China's Energy Policy Focuses on Controlling Demand

When I recently testified at the House Energy and Power Subcommittee, a phrase that came up in regard to China’s energy policy was that China is pursuing “an all-of-the-above strategy,” in other words generating supply from as many sources as possible. (full hearing details) There is nothing terribly remarkable about the idea that China is pursuing diversified supply. However, the implication of the discussion was that China’s approach is focused on the supply side, and that seems backwards.

As Mark Levine of Lawrence Berkeley National Laboratory discussed in his congressional briefing last week, Chinese energy policy has focused on controlling demand growth since 1980. Energy intensity (the amount of energy used per unit GDP) declined steadily from 1980 to 2002. It then briefly, but famously turned around, and for the next three years China became more energy intensive. Mark’s additional insight was that this loss of ground on energy efficiency in the early 2000s was due to the underfunding of the energy efficiency bureaucracy after the central government reforms of the late 1990s. This was part of a more general set of staff reductions in central government offices, many of which were previously overstaffed. But in energy efficiency and in a number of other particularly technical areas, the central government has since recognized that more staff was needed than were left after the late 1990s reforms. Many Chinese ministries were left after the late 90s reforms with mere hundreds of staff, compared to thousands if not tens of thousands in many US federal departments. Since 2006 energy efficiency work has involved not just setting targets, but as we outline in many of our fact sheets, establishing specific programs that help with implementation. These required expert staff to implement.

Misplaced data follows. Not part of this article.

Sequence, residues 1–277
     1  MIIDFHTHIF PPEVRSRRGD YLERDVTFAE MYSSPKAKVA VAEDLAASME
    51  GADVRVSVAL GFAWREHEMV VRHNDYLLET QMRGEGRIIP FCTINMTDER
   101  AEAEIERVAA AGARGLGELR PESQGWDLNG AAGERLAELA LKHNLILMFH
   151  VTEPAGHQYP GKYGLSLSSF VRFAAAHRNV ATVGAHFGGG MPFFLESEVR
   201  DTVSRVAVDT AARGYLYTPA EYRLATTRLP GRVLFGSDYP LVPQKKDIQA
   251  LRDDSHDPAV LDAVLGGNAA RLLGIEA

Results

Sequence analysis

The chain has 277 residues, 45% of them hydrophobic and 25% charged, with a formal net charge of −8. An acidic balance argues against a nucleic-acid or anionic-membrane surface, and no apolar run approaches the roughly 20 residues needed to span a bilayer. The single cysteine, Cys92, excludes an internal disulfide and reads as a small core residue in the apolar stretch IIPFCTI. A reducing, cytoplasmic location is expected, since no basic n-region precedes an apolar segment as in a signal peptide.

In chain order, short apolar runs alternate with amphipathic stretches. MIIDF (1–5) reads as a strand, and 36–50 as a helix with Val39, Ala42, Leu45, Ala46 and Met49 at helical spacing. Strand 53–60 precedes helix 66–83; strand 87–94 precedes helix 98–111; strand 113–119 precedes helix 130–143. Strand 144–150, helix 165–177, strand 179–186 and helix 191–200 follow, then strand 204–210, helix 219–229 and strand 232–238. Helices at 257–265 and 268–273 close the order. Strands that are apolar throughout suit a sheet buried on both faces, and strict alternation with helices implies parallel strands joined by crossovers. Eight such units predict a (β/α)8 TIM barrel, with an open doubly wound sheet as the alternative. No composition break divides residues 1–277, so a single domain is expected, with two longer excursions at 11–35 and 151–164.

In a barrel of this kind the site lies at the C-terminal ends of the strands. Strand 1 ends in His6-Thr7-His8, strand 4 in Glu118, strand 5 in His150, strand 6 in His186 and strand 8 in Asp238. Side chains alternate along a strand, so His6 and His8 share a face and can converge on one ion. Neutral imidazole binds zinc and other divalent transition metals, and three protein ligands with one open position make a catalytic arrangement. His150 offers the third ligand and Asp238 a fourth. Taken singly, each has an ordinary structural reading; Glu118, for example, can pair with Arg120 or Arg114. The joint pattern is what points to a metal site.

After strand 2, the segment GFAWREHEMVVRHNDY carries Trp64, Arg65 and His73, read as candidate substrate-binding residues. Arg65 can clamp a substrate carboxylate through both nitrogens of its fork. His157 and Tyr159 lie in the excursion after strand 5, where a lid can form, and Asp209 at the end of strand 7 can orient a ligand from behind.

In its 2007 energy White paper the Chinese government stated that its energy strategy “emphasizes thrift, cleanness and safety.” This emphasis on thrift is a clear demand-side focus. The white paper discusses the many challenges China faces in developing energy resources, even while noting the potential in many new and renewable resources, and it concludes that ensuring that demand is effectively managed and resources used wisely are essential. This is why any examination of carbon reduction potential shows that energy efficiency is likely to yield the largest reductions for China. Fuel switching is also important, but the biggest impact comes from getting more economic growth from each unit of energy.

In sum describing China’s strategy as “all of the above” gets the cart before the horse. The effort focuses not on maximizing supply, but on controlling demand. As I discussed in my testimony, there is no doubt that coal will be an important part of China’s energy mix for many years to come. But as the percentage that comes from nonfossil sources increases and as energy efficiency improves as well, there will be significant restraints on the growth of coal use over the coming decades.

image courtesy of Sprengben via a Creative Commons license